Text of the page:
1 Mill Cottages and boundary wall


Heritage Category:
Listed Building
List Entry Number:
Date first listed:
Statutory Address:
1 Mill Cottages, Winterbourne Gunner, Salisbury, Wiltshire, SP4 6JQ


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Statutory Address:
1 Mill Cottages, Winterbourne Gunner, Salisbury, Wiltshire, SP4 6JQ

The building or site itself may lie within the boundary of more than one authority.

Wiltshire (Unitary Authority)
National Grid Reference:


A dwelling of pre-1850 date with an earlier core of probable early-C18 date.

Reasons for Designation

1 Mill Cottages, Winterbourne Gunner, Wiltshire is listed at Grade II for the following principal reasons:

Architectural interest:

* as a good surviving example of a flint and brick dwelling built in the vernacular traditions of the region which retains a proportion of probable C18 fabric; * later alterations have not unduly diminished the legibility of its historic development and the two principal phases of construction.

Group value:

* with other listed buildings in the village, most notably nearby Winterbourne Gunner Mill and barn (Grade II), but also as part of the wider village scattered around the C12 Church of St Mary the Virgin (Grade I).


The cottage may have early-C18 origins, although no building is shown on the site on Andrews’ and Dury’s 1773 Map of Wiltshire. The L-plan building shown on the 1840 tithe map was under the ownership and occupation of Jane Wilson and comprised a house, garden and outbuildings. The building appears to have been rebuilt at both ends and modestly extended to the rear (south-west) by the time of the Ordnance Survey (OS) Map of 1877. By 1901, the OS shows the building broadly on its current footprint with the north-west end of the building truncated and set back from the property boundary. At this time the building divided into two dwellings, subsequently known as 1 and 2 Mill Cottages. A well is shown in the front garden of 2 Mill Cottages, and that this cottage appears to have been rebuilt in the later C20.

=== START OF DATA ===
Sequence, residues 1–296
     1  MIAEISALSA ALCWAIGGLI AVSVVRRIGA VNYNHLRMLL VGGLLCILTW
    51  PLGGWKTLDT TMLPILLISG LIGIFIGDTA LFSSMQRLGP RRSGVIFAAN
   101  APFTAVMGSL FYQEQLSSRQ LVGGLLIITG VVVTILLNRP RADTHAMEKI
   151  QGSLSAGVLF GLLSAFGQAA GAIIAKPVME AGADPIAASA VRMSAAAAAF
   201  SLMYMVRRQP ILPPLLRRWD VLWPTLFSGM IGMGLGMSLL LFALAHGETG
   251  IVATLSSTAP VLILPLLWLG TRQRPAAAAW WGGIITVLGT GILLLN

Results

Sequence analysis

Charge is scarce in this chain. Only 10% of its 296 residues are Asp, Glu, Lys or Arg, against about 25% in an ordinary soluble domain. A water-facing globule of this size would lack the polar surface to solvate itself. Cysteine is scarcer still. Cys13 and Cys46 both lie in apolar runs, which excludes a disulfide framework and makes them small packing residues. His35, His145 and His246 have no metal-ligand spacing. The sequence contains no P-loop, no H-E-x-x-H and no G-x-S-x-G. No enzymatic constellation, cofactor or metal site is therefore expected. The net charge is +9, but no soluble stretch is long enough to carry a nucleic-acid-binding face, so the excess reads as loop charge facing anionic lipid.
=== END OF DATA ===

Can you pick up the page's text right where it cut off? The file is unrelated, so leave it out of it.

C20 and C21 works to 1 Mill Cottages have included the insertion of brick chimneys, new windows and staircase and re-laid floors to the ground floor. Brickwork to the south gable end indicates that the eaves level was raised in the C20. The cob garden wall to the side and rear of the cottage have had some repair and rebuilding in the C20 and C21.


A dwelling of pre-1850 date with an earlier core of probable early-C18 date, with later alterations.

MATERIALS: built of brick with some oak framing and structure. The road front and south end have flint and brick banded courses. The roof is covered in thatched reed. The windows are C21 timber casements. There are timber plank doors to the interior. The stone flags to the ground floor are modern.

PLAN: a two-unit plan with a shallow full-width lean-to at the rear.